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Adams County

Brent Clair

Brent Clair farms about 750 acres of corn, soybeans and wheat near Loraine. He is also a private meteorologist, assisting the Adams County Emergency Management Agency with coordinated response before, during and after major weather events. He serves on the Adams County Farm Bureau Board, and is working to get his private pilot’s license.


We saw some beneficial rains last week, anywhere from 1.5 inches to close to 2 inches. Despite that rain, combines were roaring again Monday and all farmers enjoyed a pleasant week of cooler weather to work. Corn is continuing to overperform considering the lack of rainfall. Soybeans are super dry, which has some worried about shatter, but those with drapers are grinning. While we want to get done and call it a year, let's not kill ourselves rushing for that last acre. Accidents start to occur when we push ourselves too far too fast too hard. Everyone be safe out there.


Rain finally set in, two months behind schedule, unfortunately. However, with yields that are being mentioned, you wouldn't have believed we didn't have a decent rain for that long. Anywhere from 2 to 4 inches of rain fell very slowly and soaked in nicely. The tops of the soils are greasy but I'd be surprised if some guys won't be running once the sun comes back out. As mentioned before, yields are shocking. I am reminded how some of the corn was underwater for a couple days, yet you couldn't tell going through with the combine.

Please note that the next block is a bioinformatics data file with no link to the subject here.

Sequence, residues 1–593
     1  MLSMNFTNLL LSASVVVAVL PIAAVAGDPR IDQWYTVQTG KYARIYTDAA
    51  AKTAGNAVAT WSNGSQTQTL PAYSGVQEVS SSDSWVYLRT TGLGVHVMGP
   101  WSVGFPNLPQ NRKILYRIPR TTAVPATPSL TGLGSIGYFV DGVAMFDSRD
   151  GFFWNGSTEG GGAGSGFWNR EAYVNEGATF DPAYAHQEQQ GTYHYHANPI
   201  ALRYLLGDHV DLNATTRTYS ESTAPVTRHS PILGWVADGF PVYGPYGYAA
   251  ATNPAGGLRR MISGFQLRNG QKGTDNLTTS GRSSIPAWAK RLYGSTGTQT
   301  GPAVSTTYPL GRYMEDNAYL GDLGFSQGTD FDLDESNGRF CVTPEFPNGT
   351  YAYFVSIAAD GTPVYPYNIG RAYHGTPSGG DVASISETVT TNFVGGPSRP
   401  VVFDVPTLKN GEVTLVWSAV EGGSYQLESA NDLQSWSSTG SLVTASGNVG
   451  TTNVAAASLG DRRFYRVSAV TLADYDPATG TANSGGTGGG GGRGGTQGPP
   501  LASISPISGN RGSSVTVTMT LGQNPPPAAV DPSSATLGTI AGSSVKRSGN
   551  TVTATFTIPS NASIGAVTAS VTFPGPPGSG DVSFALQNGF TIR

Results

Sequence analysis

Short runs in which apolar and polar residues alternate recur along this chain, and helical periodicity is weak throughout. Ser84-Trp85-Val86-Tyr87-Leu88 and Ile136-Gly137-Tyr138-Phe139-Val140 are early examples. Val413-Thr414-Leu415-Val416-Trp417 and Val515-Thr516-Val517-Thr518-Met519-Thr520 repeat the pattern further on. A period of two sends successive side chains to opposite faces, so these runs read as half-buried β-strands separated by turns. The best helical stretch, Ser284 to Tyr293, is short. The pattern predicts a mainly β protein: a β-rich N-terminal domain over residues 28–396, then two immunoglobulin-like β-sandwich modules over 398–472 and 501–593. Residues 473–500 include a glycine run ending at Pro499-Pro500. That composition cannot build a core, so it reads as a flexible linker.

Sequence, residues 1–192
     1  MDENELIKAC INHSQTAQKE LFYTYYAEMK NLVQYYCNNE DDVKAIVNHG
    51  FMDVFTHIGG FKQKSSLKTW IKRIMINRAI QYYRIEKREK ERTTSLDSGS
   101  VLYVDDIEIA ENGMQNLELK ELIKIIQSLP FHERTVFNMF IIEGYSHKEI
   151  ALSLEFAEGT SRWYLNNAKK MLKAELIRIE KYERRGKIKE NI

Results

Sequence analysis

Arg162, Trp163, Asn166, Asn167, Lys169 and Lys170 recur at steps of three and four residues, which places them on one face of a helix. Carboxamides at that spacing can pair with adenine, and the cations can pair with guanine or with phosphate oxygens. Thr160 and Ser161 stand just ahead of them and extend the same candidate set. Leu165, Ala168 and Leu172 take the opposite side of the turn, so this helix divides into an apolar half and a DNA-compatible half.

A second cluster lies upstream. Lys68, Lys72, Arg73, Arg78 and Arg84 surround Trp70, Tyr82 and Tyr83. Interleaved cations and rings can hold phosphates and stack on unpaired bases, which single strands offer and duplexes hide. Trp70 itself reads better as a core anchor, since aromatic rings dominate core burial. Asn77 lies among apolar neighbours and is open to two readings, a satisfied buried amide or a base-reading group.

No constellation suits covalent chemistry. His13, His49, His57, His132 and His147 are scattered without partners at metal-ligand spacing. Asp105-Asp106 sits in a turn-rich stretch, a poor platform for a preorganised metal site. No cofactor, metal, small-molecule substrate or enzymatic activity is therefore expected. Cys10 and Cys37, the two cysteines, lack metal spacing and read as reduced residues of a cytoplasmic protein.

It's a pleasing sight to see combines rolling and fields disappearing. The biggest observation is the dryness. We have not seen much rain, and dust that the combines are producing is remarkable. It brings to the forefront the importance of safety and cleanliness. I have heard of a couple combine fires already. Unless we get a soaking rain (more than an inch), the fire level will continue. Yields remain variable. Corn is from 120 to 240. Beans are 30 to 90. I would say what everyone else is saying, "Better than expected." A continued plea and prayer for safety and success.


Time is flying by. October already. I would say that most, if not all, farmers are in the fields now. Yields and moisture are all over the charts, so can't give a good indication of success. On my farm, yields are what were expected with the drought … low. Mind you, there are spots with good corn, but the edges and lighter soils kill the average. Stay safe everyone.